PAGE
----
Anglers can still catch plenty of tasty fish during the winter as the New Mexico Department of Game and Fish switches from stocking catfish to trout in many statewide waters.
Every fall, the department switches from stocking catfish in the summer to trout in the winter at Tingley Beach, the Albuquerque area drains and other popular fishing waters in the southern half of the state.
“Trout fishing in small community ponds in southern New Mexico is especially popular during the winter,” says Dan Williams, spokesman for the New Mexico Department of Game and Fish.
Catfish thrive in warmer water while trout prefer it much cooler, and these waters are ideal for this kind of stocking program.
Rainbow trout, including some big ones, are already being stocked at multiple locations in the drains that run alongside the Rio Grande in and around Albuquerque.
“We’re fortunate here in New Mexico to have waters such as Tingley Beach and the Albuquerque-area drains that cool off enough in the winter to allow us to stock trout for anglers to catch,” Williams says.
Although the department doesn’t disclose exact stocking spots, general locations include: N.M. 550 river bridge in Bernalillo, the Corrales drain along the bosque, and the Rio Grande Open Space off Alameda Boulevard.
Other stocking spots include the Shining River parking area, the drain between Bridge and Rio Bravo Boulevards, and the west bank of the Belen drain and the east bank of the Peralta drain between Los Lunas and Belen.
Maps of the drains areas can be found in the fishing section of the department’s website at www.wildlife.state.nm.us. Thousands of trout are stocked every week from November through March. See the weekly stocking report on the department’s website for details of when and where.
Albuquerque anglers say fishing for trout in the drains requires some stealth and typical fishing techniques. Check out YouTube for some great videos of folks fishing for trout and bass in the Albuquerque area drains.
Trout in the drains usually can be found in deeper pools, under the shade of overhanging trees or around any kind of protective structure.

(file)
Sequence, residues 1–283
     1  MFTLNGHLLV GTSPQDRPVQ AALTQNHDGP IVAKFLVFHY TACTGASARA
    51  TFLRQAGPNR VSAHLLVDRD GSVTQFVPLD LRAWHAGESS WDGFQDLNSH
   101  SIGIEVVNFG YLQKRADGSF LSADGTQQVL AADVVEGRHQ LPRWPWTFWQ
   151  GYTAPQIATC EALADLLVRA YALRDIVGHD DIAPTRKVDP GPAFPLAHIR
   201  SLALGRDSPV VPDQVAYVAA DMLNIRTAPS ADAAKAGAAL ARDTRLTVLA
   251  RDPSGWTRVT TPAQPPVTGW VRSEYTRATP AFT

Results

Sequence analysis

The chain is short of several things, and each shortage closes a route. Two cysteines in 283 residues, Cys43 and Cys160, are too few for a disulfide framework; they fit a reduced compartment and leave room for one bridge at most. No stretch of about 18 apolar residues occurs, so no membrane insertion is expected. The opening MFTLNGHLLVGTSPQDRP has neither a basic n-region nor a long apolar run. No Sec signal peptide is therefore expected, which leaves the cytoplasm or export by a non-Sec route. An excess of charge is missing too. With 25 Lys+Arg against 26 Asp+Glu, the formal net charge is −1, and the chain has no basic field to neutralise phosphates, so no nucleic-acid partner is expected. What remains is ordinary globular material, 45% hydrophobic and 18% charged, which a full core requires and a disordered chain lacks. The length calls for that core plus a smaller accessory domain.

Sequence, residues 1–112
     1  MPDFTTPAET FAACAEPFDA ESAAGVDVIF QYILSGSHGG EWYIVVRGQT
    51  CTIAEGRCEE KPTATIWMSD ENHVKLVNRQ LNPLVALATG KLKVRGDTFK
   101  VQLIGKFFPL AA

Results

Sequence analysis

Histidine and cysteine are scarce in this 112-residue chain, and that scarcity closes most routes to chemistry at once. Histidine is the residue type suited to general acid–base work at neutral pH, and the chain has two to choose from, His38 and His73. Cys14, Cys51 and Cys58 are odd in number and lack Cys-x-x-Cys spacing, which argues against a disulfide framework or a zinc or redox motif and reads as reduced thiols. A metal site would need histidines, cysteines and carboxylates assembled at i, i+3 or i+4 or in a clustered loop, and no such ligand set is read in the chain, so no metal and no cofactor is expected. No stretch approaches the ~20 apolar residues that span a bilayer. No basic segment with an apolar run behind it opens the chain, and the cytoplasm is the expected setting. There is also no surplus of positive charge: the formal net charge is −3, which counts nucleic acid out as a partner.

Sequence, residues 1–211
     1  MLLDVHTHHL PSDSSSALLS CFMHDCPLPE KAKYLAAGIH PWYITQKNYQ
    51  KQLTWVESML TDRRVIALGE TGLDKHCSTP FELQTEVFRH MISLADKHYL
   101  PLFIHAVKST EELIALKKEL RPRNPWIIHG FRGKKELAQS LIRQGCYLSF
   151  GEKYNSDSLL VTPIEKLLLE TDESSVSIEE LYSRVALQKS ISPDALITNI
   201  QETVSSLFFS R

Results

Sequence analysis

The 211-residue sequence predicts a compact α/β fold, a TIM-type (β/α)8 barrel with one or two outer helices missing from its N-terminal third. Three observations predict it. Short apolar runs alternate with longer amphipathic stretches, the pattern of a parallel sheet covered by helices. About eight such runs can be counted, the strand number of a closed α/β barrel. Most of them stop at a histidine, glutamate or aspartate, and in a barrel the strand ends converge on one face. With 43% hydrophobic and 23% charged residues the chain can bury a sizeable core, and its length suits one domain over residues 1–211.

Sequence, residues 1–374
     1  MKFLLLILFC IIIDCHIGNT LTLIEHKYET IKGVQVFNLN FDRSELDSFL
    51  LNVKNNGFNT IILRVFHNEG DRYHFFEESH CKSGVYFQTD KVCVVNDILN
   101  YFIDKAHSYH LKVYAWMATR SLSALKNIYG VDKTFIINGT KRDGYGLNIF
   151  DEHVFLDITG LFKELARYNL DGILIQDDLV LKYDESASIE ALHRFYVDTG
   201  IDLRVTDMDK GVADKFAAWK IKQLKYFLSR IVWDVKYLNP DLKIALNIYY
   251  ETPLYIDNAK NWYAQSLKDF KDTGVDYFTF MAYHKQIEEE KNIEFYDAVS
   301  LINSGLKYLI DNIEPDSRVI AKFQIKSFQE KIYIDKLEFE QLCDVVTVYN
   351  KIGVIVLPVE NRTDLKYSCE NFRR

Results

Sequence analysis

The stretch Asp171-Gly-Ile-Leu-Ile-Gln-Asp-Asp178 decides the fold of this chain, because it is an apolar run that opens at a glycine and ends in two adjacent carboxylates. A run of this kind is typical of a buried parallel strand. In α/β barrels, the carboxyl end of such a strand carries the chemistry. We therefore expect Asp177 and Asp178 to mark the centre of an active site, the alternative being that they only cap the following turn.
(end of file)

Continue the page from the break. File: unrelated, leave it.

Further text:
Try using a salmon egg or worm on a short piece of lightly weighted line just below a bobber or bubble so the bait rides just above the bottom. Spinners and flies are good lures too.
Most areas along the drains are open to the public during daylight hours and can be accessed by walking, riding a bike or driving if permitted. For more information about riverside recreation in the Albuquerque area, visit the city’s website at www.cabq.gov.
At Tingley Beach, anglers will find a kids pond for anglers younger than age 12, a central pond where bait is allowed and the bag limit is four trout per day. There is also catch-and-release only pond where only single, barbless hooks on artificial flies and lures may be used.
Kids enjoy some fishing at one of the ponds at Tingley Beach.
Anglers ages 12 and older need a current fishing license. Call the department’s customer service line at (888) 248-6866 to immediately get one. A license also can be purchased online at www.wildlife.state.nm.us or from vendors such as bait and tackle shops and sporting goods stores.
Tingley Beach, also called Conservancy Park, is operated by the City of Albuquerque and features a café, restrooms, hiking and biking trails and security guards on patrol. See the city’s website for more information.
Good winter trout fishing also can be found within a moderate drive from Albuquerque, including the Pecos River at Sumner Lake and Villanueva state parks. Anglers can wet a line for trout at Escondida Lake just outside of Socorro or on the Rio Grande below Elephant Butte Lake at Truth or Consequences.
Anglers will find plenty of well stocked winter trout fishing waters in the southern part of the state. For a list of those waters visit the department’s website at www.wildlife.state.nm.us. Most of the state’s best fishing can be found at state parks. Visit their website for more information.